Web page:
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Fun for history buffs: "When this coin was made..."  
 

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 Posted 04/16/2018  11:36 am  Show Profile   Bookmark this reply Add Finn235 to your friends list Get a Link to this Reply
Very nice, Ron!

The Indian Head cent was always fascinating to me, because the first was struck prior to the start of the Civil War, and the last was struck during the Roosevelt administration, not long before WWI.

It's funny how as a Southerner (raised in Georgia), I was taught that the war was about slavery until high school, then taught that it was about state's rights (including slavery, among others) in high school - we were taught that the war was the North's fault because Fort Sumter should have been abandoned peacefully when South Carolina seceded. Not trying to start anything political - it's just interesting how the same facts can be presented!

There were actually a few precedents to the Civil War, namely the Whiskey Rebellion during Washington's presidency (corn farmers threatened to secede if the whiskey tax was not lifted, citing that "Taxation without representation!" It was put down (almost) without bloodshed by Washington and the national guard.) As well as the Secession Crisis during Jackson's presidency - also put down without bloodshed.
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 Posted 04/16/2018  12:23 pm  Show Profile   Bookmark this reply Add CoinCollector2012 to your friends list Get a Link to this Reply
Glad to see this thread revived!






When this coin was minted, Nat Turner led a slave rebellion across Southampton County, Virginia. Turner and his fellow rebels killed between 55 and 65 people, the majority being white slaveowners. While the rebellion was eventually put down by the local militia, Turner escaped but was later captured and executed.

The rebellion caused widespread fear in the South, and many slaveowners killed slaves they suspected were involved, although most were not. In addition, state legislators rushed to pass laws that forbade slaveowners from teaching slaves to read and write.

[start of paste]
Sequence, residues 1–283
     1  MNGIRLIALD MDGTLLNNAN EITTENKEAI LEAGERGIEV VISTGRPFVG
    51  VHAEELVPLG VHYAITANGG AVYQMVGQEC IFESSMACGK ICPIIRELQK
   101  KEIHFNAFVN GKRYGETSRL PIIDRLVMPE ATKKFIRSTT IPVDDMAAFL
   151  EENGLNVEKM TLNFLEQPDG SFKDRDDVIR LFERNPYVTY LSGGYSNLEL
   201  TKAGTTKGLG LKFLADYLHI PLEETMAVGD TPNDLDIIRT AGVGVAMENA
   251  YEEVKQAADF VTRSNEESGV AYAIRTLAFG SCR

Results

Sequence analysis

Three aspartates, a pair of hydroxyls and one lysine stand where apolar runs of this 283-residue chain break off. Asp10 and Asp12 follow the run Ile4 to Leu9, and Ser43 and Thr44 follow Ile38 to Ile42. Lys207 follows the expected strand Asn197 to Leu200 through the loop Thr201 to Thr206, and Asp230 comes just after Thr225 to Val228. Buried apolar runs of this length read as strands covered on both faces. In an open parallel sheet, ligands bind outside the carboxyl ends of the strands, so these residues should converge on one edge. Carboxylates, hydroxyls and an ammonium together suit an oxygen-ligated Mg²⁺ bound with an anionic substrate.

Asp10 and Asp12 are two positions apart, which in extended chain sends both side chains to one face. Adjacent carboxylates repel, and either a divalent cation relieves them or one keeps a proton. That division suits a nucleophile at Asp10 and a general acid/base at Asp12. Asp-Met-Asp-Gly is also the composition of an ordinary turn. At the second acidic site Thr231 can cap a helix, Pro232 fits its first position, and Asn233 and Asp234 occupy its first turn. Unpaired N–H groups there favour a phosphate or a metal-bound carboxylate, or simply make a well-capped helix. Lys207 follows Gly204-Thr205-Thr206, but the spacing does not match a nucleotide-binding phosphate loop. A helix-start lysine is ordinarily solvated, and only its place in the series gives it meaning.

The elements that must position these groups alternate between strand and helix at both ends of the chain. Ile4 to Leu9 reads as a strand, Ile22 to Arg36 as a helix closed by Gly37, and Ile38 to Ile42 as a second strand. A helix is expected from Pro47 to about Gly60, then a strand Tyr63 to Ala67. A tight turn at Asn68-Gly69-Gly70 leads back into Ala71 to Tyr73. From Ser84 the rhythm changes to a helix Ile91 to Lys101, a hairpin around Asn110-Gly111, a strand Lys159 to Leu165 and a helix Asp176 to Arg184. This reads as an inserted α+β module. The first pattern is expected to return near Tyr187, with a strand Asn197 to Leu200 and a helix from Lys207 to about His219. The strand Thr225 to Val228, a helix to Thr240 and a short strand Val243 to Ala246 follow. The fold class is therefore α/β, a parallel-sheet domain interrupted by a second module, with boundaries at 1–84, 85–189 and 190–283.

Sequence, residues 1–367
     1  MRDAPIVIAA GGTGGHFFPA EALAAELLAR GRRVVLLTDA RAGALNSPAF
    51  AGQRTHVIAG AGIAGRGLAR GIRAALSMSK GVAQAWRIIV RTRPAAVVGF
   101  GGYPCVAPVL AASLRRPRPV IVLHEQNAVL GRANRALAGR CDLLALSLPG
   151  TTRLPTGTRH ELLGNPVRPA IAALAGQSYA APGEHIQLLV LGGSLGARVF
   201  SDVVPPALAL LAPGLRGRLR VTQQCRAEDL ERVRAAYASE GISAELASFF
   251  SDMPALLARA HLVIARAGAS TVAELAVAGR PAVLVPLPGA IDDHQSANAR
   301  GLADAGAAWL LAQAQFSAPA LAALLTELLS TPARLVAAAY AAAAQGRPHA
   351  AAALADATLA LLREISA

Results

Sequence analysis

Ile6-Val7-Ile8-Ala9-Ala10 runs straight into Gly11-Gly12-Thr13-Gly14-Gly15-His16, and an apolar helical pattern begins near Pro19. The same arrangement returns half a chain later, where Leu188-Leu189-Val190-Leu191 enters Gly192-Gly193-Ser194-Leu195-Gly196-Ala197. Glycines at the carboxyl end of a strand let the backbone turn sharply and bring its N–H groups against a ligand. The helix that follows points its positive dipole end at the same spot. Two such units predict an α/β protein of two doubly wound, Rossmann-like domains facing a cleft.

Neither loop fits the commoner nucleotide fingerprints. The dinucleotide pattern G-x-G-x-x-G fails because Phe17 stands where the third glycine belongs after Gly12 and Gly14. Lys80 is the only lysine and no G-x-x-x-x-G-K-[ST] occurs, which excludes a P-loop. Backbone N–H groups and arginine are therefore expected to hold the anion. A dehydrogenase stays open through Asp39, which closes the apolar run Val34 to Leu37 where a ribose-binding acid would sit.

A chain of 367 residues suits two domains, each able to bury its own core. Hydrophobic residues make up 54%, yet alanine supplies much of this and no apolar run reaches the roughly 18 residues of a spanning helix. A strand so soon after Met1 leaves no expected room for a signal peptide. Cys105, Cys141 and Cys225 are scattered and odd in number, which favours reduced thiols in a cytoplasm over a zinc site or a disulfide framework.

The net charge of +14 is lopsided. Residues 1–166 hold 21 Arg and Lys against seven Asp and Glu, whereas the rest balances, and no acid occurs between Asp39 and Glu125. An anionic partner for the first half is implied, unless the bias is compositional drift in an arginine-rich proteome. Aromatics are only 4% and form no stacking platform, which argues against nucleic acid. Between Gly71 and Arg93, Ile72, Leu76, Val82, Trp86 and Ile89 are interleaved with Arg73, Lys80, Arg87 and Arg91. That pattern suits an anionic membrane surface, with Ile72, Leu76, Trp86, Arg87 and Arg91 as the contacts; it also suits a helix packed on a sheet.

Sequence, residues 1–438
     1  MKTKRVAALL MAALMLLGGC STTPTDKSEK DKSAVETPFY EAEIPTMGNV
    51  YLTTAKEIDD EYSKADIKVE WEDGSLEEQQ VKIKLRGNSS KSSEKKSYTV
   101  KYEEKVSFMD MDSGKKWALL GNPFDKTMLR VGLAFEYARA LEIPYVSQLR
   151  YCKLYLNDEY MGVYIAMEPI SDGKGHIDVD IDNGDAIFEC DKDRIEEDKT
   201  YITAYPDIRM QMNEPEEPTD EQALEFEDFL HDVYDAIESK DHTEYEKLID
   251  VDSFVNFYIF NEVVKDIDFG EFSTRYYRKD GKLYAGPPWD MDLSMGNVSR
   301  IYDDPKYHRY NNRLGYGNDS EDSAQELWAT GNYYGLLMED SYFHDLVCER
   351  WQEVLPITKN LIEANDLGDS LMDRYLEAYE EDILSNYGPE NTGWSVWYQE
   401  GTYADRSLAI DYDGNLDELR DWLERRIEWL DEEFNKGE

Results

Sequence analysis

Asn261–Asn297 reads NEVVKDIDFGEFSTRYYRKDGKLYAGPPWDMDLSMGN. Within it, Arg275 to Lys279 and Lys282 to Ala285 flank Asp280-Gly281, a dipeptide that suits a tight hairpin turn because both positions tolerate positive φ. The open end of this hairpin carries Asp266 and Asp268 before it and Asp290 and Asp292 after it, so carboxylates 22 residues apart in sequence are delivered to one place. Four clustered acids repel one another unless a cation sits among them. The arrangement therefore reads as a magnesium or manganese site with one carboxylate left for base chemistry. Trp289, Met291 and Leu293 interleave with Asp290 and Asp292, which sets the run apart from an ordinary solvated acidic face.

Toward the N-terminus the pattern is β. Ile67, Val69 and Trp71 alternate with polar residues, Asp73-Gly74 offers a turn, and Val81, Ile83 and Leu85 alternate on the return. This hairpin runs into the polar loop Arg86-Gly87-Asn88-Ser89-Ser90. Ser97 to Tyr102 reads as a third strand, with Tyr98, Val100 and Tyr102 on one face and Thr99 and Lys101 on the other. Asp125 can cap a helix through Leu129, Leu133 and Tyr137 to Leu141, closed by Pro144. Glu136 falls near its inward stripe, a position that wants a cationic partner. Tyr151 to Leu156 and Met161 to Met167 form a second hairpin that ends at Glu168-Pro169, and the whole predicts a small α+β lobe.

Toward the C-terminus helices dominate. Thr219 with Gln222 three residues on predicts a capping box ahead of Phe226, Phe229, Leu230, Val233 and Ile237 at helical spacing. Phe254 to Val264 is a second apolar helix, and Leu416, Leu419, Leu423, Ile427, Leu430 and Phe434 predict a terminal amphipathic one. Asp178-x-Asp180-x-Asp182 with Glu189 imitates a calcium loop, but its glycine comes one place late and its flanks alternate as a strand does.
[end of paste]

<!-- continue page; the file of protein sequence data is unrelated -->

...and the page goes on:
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 Posted 04/16/2018  4:46 pm  Show Profile   Bookmark this reply Add jbuck to your friends list Get a Link to this Reply
An interesting and thought provoking contribution, CoinCollector2012.
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 Posted 04/22/2018  4:34 pm  Show Profile   Bookmark this reply Add Arkie to your friends list Get a Link to this Reply
Thaler commemorating victory over France in the Franco-Prussian War. Perhaps the last thalers produced in Prussia (there are others dated 1871).




The Franco-Prussian War was fought between the Second French Empire and the German states of the North German Confederation led by the Kingdom of Prussia. Prussian chancellor Otto von Bismarck sought to provoke a French attack in order to draw the southern German states — Baden, Württemberg, Bavaria and Hesse-Darmstadt — into an alliance with the North German Confederation dominated by Prussia.

Bismarck adroitly created a diplomatic crisis over the succession to the Spanish throne. A leading candidate was related to the Prussian King. France demanded that this Hohenzollern candidate withdraw. Bismarck rewrote a dispatch about a meeting between King William of Prussia and the French foreign minister, to make it appear that the French had been insulted. The French press and parliament demanded war, which the generals of Emperor Napoleon III assured him that France would win.

Napoleon and his Prime Minister, Émile Ollivier, equally sought war to reduce political disunity in France. On 16 July 1870, the French parliament declared war on Prussia and hostilities began three days later. The German coalition mobilized and transported its troops much more quickly than the French and rapidly invaded northeastern France. The German forces were superior in numbers, had better training and leadership and made more effective use of modern technology, particularly railroads and artillery.